Plans Tuscan atrium, left (both CC BY-SA 3.0) and Corinthian atrium, right

Plans, Tuscan atrium, left (both CC BY-SA 3.0) and Corinthian atrium, right

All three of these typologies sported a central aperture in the roof (compluvium) and a corresponding pool (impluvium—no. 4 in the diagram above) set in the floor. The compluvium allowed light, fresh air, and rain to enter the atrium; the impluvium was necessary to capture any rainwater and channel it to an underground cistern. The water could then be used for household purposes.
Impluvium in atrium, looking through the tablinum toward the peristyle, House of Menander, Pompeii before 79 C.E. (photo: Carole Raddato, CC BY-SA 2.0)

Impluvium in atrium, looking through the tablinum toward the peristyle, House of Menander, Pompeii before 79 C.E. (photo: Carole Raddato, CC BY-SA 2.0)

Beyond the atrium and tablinum lay the more private part (pars rustica) of the house that was often centered around an open-air courtyard known as the peristyle (no. 11 in the diagram above). The pars rustica would generally be off limits to business clients and served as the focus of the family life of the house. The central portion of the peristyle would be open to the sky and could be the site of a decorative garden, fountains, artwork, or a functional kitchen garden (or a combination of these elements). The size and arrangement of the peristyle varies quite a bit depending on the size of the house itself.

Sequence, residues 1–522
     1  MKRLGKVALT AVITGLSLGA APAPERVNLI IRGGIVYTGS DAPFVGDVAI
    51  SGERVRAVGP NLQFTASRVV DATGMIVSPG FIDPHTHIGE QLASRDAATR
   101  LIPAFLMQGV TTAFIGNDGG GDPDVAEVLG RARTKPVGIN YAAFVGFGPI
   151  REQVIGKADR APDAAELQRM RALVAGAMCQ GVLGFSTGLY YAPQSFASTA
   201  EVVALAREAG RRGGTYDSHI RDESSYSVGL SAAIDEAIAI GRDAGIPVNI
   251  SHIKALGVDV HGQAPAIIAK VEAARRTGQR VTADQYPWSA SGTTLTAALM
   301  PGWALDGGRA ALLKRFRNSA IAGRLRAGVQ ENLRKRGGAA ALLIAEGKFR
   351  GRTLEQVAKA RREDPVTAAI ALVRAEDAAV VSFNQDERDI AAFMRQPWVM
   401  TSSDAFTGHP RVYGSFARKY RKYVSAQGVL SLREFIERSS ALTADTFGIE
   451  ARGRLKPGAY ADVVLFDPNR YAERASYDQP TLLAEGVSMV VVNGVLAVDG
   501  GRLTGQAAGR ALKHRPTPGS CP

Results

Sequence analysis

Communicating with the peristyle would be functional rooms like the kitchen (culina—no. 9 in the diagram above), bedrooms (cubicula—no. 8 in the diagram above), slave quarters, latrines and baths in some cases, and the all important dining room (triclinium—no. 6 in the diagram above). The triclinium would be the room used for elaborate dinner parties to which guests would be invited. The dinner party involved much more than drinking and eating, however, as entertainment, discussion, and philosophical dialogues were frequently on the menu for the evening. Those invited to the dinner party would be the close friends, family, and associates of the paterfamilias. The triclinium would often be elaborately decorated with wall paintings and portable artworks. The guests at the dinner party were arranged according to a specific formula that gave privileged places to those of higher rank.